Which variety of pear tree to choose for pears ?

Pear trees bring a decorative touch to the orchard in the spring because of their abundant flowering. Their large bouquets of white flowers are a real delight and the promise of beautiful harvests spread out, from July until the heart of winter depending on the varieties grown. Between pears for the mouth to be tasted as is, those which excel in cooking and pears to be fermented allowing the production of Poiré or even an eau-de-vie, there are more than two thousand varieties. This means that the choice is vast. Here is a selection of pear trees that deserve their place in the garden and some details to know about their pears before making your choice.

Varieties of pears excellent for growing in the garden

Here is a small panel of varieties of pear trees whose pears have all the qualities to satisfy the most demanding palates of young and old. These young pear trees with bare roots or in containers for planting can be found without any difficulty.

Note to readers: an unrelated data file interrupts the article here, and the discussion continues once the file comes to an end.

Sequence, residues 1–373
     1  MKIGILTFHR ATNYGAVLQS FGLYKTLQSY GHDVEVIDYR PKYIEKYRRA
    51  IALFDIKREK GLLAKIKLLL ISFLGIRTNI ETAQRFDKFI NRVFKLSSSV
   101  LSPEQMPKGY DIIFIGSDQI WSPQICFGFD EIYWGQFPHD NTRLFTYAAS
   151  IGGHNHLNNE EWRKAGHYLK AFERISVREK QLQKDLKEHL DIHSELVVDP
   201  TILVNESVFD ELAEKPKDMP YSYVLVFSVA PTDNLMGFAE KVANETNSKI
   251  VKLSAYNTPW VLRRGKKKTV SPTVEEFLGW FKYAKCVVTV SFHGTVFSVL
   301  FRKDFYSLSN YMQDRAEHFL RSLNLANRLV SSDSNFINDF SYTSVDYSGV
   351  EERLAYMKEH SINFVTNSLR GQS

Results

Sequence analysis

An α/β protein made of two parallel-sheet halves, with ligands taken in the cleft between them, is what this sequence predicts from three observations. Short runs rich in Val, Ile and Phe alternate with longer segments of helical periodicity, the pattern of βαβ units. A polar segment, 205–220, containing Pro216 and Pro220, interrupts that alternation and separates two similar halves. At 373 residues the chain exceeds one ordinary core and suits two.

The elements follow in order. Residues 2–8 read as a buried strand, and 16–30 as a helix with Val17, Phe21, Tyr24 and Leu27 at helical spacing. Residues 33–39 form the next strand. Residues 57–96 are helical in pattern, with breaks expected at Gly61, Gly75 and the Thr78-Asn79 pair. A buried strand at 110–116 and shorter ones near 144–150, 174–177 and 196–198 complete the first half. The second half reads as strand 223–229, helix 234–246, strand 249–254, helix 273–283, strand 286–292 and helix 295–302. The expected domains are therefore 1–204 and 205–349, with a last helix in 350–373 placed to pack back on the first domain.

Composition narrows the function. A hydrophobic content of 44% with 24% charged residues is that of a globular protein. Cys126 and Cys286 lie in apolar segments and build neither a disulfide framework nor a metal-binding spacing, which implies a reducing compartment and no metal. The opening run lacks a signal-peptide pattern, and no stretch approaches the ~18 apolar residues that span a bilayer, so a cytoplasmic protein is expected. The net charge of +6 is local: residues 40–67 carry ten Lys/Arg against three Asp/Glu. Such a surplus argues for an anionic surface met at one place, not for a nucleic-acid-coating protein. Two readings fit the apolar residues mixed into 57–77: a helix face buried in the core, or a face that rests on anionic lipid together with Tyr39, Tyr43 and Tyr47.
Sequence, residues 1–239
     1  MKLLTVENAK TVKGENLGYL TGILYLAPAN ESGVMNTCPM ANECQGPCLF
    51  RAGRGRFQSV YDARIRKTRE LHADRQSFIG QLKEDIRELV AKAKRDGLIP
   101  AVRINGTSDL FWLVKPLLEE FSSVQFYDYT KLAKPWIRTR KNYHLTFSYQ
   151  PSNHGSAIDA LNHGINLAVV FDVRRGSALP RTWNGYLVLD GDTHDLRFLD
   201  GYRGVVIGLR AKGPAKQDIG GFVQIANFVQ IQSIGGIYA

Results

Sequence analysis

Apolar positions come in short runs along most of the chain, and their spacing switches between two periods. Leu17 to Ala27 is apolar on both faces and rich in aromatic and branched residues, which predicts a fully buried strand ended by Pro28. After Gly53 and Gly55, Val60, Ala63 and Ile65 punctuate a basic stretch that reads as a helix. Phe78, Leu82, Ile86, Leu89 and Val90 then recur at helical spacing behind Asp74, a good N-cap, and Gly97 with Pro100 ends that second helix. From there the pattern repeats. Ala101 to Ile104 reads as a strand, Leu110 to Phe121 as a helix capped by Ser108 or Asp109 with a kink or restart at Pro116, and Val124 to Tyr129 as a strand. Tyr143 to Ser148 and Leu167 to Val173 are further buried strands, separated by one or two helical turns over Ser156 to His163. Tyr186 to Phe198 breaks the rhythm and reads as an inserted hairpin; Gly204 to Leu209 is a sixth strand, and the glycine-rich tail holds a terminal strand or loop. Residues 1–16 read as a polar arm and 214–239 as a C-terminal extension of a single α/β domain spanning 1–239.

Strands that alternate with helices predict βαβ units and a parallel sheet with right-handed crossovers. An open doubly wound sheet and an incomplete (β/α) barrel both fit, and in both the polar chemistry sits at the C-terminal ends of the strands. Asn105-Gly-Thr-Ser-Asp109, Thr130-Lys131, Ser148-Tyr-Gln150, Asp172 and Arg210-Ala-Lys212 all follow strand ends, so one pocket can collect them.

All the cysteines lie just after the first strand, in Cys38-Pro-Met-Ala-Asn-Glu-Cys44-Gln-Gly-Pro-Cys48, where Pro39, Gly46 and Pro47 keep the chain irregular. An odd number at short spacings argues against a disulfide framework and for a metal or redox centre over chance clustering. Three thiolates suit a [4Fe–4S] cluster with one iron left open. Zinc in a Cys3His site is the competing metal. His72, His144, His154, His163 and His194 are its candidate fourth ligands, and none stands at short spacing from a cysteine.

Round / green

Blood pear, red flesh, juicy, very tasty

Jam, Compote,

in the oven,

September October

2 to 3 weeks maximum


Lying / yellow green

Juicy, moderately tart, sweet



Early September

4 to 5 months

Deanery of Comice

Large to very large / Greenish yellow, red patches in full sun

Melting, great finesse, melting, juicy, very sweet



4 to 5 months

Packham’s Triumph

Yellow with scorches

Fine, melting, reasonably sweet

October November

4 to 5 months

Dr Jules Guyot

Lemon yellow and green, slightly pink

Fine, juicy, sweet


July / August (early variety)

1 to 2 months

Louise Bonne d’Avranches (good fertility)

Brilliant light green washed with carmine, fading to yellow

Fragrant, juicy, sweet (becomes overripe at the end of the ripening period)



September October

3 to 4 months (if picked very ripe)

General Leclerc

Trapus, roux bronze,

Juicy, fragrant, very pleasant in the mouth


October November

3 to 4 months

Duke of Bordeaux

Yellow, blushes with insolation

White, fine, melting, fragrant, sweet